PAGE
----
Sunday, September 11, 2011
Men in groups abound on the campus of Westish College, where Chad Harbach sets his brilliant, intensely readable first novel, The Art of Fielding. Its president, Guert Afflenlight, besides being a Melville scholar, is the author of a best-selling historical study of what is described as “the cult of male friendship in nineteenth-century America . . . boys’ clubs, whale boats, baseball teams.” The book’s own version of such a cult is the Westish Harpooners (fittingly, a baseball team named after men in whale boats), and the team’s interlocking friendships provide a context for Harbach’s main plot, the story of shortstop Henry Skrimshander’s obsessive struggle not only to become the finest infielder ever to play the game but to attain his “one true wish, the wish to be simple and perfect” in all things.
Henry’s particular friends include Schwartz, the team’s catcher and spiritual leader, who is sleeping with President Affenlight’s daughter, Pella; Henry’s gay mulatto roommate Owen, who is sleeping with Affenlight himself; and the rest of his teammates, a spectrum of colorful and surprisingly individualized young men. Hovering over Henry is the presiding spirit of one Aparicio (as in Luis) Rodriguez (as in A-Rod?), a former major-league shortstop whose Zen-like treatise, meta-titled The Art of Fielding, is his bible, as Moby-Dick is Affenlight’s. But the short, interwoven chapters devoted to these subsidiary stories all lead back to Henry’s quest for perfection.
That quest comes abruptly to a halt when Henry (like several real-life ballplayers – Steve Blass, Steve Sax, Chuck Knoblauch) develops a malady that’s something like writer’s block in an outdoor setting: Henry almost kills Owen with a wild throw and is suddenly plunged into a state of Prufrockian paralysis every time the ball comes his way. His future on the line, the stands filled with major-league scouts, he can effortlessly field any ground ball but he can’t bring himself to fire the ball to the first base. “You couldn’t plan it out beforehand,” he thinks. “You just had to let it go and see what happened.” Instead of letting go of the baseball, he lets go of himself: he quits the team, toys with suicide, stops eating, starts smoking dope, becomes reclusive and listlessly allows Pella to seduce him, thus estranging himself from Schwartz, and eventually from Owen and Pella too.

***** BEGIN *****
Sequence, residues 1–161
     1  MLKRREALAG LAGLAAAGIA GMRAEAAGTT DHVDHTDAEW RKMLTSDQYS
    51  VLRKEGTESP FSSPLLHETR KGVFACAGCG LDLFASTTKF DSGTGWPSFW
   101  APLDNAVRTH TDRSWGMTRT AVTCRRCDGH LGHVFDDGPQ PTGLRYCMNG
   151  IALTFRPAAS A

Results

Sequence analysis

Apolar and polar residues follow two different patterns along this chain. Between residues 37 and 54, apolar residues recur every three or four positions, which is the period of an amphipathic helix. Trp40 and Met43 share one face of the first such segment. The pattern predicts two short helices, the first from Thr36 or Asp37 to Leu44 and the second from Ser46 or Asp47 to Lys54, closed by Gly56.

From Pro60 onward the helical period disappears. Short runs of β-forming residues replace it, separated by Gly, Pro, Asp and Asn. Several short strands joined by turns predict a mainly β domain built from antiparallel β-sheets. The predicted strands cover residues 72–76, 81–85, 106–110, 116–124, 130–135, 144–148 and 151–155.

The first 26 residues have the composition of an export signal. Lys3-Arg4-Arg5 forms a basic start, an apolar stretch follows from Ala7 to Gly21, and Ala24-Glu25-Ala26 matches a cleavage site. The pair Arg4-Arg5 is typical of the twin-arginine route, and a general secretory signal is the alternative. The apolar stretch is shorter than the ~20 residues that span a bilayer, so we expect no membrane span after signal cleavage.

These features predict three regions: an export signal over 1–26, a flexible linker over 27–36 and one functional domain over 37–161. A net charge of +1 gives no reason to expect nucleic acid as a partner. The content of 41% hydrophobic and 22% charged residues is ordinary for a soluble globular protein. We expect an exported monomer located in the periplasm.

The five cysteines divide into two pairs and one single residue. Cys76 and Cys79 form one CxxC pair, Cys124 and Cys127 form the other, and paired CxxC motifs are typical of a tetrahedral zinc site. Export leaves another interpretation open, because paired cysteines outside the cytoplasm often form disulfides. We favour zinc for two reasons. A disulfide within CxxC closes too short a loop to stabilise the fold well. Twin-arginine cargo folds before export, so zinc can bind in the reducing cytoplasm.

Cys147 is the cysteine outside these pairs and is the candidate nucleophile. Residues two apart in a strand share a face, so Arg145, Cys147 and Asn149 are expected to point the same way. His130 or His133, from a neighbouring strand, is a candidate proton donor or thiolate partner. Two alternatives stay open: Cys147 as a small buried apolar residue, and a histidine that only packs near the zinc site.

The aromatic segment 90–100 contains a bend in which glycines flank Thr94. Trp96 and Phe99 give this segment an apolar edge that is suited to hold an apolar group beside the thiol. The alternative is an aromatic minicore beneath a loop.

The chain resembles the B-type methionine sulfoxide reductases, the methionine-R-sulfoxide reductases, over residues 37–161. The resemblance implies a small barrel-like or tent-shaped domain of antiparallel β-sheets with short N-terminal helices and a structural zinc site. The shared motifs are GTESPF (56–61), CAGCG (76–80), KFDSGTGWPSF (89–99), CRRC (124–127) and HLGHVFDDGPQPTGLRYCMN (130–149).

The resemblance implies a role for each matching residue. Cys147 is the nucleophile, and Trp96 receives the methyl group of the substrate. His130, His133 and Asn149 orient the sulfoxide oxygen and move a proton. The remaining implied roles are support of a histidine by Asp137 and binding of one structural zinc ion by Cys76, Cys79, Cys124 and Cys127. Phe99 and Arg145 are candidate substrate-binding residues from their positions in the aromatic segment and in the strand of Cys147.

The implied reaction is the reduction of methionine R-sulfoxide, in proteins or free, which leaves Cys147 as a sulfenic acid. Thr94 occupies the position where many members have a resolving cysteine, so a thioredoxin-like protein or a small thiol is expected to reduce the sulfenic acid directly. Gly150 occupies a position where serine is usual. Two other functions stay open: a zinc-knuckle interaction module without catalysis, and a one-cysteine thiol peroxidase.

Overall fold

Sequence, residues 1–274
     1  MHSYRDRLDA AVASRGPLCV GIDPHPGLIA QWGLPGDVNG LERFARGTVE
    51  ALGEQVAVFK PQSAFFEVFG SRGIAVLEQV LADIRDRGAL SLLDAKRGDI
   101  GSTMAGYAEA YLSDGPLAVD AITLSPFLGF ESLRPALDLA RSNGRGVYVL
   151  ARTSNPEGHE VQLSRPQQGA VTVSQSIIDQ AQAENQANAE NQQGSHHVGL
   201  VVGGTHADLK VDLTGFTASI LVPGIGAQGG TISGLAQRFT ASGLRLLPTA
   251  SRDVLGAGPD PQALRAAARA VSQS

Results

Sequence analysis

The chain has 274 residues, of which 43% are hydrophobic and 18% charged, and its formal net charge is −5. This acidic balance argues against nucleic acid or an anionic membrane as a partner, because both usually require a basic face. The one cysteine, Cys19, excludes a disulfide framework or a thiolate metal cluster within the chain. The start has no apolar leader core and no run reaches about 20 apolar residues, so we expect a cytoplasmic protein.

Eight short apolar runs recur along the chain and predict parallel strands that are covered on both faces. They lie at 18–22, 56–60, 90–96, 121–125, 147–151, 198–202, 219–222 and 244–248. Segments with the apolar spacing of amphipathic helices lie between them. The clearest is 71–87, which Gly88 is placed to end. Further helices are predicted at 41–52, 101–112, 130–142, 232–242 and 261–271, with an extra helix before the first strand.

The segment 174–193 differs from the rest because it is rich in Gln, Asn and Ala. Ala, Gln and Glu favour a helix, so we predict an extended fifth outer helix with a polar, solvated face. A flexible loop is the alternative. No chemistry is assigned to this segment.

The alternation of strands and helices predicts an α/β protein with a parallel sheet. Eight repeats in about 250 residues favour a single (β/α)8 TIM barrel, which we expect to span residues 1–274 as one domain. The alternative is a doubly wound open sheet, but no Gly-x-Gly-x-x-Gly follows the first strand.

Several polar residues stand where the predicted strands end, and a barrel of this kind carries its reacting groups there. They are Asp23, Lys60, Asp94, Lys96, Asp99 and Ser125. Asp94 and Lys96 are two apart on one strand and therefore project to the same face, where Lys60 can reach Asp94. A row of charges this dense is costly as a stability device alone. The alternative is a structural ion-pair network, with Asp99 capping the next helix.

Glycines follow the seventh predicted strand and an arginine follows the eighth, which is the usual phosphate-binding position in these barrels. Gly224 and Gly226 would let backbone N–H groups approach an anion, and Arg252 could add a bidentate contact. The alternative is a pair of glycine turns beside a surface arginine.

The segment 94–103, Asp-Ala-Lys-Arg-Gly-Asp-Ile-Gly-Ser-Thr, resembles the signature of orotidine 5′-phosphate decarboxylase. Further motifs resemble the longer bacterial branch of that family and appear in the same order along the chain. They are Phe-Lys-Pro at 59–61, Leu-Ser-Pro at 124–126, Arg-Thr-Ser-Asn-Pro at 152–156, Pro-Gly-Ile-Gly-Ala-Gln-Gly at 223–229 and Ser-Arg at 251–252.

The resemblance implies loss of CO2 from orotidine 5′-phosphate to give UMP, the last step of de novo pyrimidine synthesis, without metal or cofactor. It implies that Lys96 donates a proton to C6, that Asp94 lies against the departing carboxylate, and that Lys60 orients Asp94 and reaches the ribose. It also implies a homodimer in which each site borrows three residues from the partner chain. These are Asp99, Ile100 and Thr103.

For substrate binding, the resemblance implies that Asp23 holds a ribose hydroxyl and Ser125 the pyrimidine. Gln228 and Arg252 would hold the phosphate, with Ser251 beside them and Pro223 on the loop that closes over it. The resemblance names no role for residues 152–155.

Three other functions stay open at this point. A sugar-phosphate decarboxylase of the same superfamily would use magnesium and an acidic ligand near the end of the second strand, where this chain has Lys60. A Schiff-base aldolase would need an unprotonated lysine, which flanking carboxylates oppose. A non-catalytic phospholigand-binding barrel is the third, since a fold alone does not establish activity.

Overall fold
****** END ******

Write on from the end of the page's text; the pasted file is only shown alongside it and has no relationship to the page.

Harbach, whose knowledge of baseball is encyclopedic but never ponderous, resists the temptation to which many other baseball writers – Malamud, Roth, Kinsella -- have sucumbed: to write not a novel but a version of the core baseball myth, the game as a pastoral vision of America, in which the heroes and villains, the fictional stand-ins for the Babe and the Say-Hey Kid and Shoeless Joe, enact predestined roles. Instead, Harbach finds analogies in other literary genres: the epic, the picaresque, the coming-of-age story, the self-scrutinizing memoir. Along with Melville, whose footprints are everywhere, he invokes Homer, Eliot, Emerson and Whitman as guides, though never without ironically undercutting this technique; Affenlight reminds himself, and us, that dwelling on literature rather than life is a futile practice that turns us into jerks.
The Art of Fielding posesses a texture and resonance that will remind some readers of David Foster Wallace and Jonathan Safran Foer, but what could have been merely post-modern decoration genuinely enriches Harbach’s narrative. In the end, in an endearingly traditonal way, he subordinates the ironic commentaries and the mirroring influences to the tender, funny, poignant story of Henry’s travails and their unexpected resolution.